Original Research

Normal ranges for proprioceptive tasks in 6-year-old children in Mangaung

Carmen Bonafede, Elna Van der Merwe
South African Journal of Childhood Education | Vol 13, No 1 | a1243 | DOI: https://doi.org/10.4102/sajce.v13i1.1243 | © 2023 Carmen Bonafede, Elna Van der Merwe | This work is licensed under CC Attribution 4.0
Submitted: 07 July 2022 | Published: 19 June 2023

About the author(s)

Carmen Bonafede, Department of Exercise and Sport Science, Faculty of Health Sciences, University of the Free State, Bloemfontein, South Africa
Elna Van der Merwe, Department of Exercise and Sport Science, Faculty of Health Sciences, University of the Free State, Bloemfontein, South Africa

Abstract

Background: A well-developed proprioceptive system is essential for motor control, muscle tone and voluntary movements. Sound proprioceptive development of young children can positively influence their motor abilities, while adequate movement abilities consequently form a strong foundation for young children entering the formal school setting.

Aim: This study aimed to establish normal ranges for proprioceptive tasks in 6-year-old children.

Setting: This study was conducted in the Mangaung, Motheo district, including 10 schools from five different quintiles.

Methods: One hundred and ninety-three, 6-year-old participants (mean: 6.46, SD 0.27 years) were included in the study, of which 97 (50.3%) were boys and 96 (49.7%) were girls. Five field-appropriate tasks were identified to establish participants’ proprioceptive abilities. Statistical analysis was largely descriptive of nature, and normal ranges were established based on the interquintile range of each task, which represented the middle 50% of data (between the 25th and 75th percentiles).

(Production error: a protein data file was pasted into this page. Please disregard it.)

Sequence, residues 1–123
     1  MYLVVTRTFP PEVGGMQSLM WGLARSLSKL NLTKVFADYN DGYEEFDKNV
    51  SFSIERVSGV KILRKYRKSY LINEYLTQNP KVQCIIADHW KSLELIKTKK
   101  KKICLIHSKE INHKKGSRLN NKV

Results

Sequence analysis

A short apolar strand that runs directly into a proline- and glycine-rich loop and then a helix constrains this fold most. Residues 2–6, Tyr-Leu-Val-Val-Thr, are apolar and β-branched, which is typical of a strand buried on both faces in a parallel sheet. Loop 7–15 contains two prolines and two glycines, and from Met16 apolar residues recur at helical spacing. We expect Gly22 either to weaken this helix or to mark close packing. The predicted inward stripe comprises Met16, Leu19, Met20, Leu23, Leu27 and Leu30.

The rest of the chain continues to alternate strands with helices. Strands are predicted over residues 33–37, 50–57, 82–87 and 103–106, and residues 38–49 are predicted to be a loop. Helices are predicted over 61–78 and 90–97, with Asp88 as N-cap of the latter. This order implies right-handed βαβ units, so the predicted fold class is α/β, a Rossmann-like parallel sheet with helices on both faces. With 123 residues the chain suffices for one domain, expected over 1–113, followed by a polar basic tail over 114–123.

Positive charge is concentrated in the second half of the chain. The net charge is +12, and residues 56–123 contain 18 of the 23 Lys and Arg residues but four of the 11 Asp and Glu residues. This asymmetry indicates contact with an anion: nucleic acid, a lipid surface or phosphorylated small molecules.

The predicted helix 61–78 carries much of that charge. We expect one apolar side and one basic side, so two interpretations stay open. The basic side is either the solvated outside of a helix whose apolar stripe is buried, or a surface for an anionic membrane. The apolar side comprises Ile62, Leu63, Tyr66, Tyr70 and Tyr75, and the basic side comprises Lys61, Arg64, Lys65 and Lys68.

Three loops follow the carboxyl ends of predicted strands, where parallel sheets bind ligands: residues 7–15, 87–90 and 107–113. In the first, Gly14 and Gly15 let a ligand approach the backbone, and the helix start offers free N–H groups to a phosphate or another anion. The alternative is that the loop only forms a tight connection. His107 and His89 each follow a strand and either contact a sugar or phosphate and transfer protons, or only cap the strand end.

Results: Normal ranges were identified as follows: 6–10 successful repetitions for the Angels-in-the-snow task; 22–30 s for the Rhomberg task; two to three successful repetitions per arm for the finger-to-nose task; two to four successful repetitions for the shoulder-level-arm raise (both arms and preferred arm), one to four successful repetitions for the shoulder-level-arm raise (non-preferred arm) and correct identification during the force perception task.

Conclusion: Most tasks had a ceiling effect, and thus it is necessary for practitioners to use these established normal ranges of proprioceptive tasks for 6-year-olds to identify children with proprioceptive difficulties.

Contribution: Proprioceptive difficulties of 6-year-olds can be identified using the normal ranges established.


Keywords

proprioceptive system; development, norms; Angels-in-the-snow; Rhomberg; finger-to-nose; shoulder-level-arm-raise; force perception.

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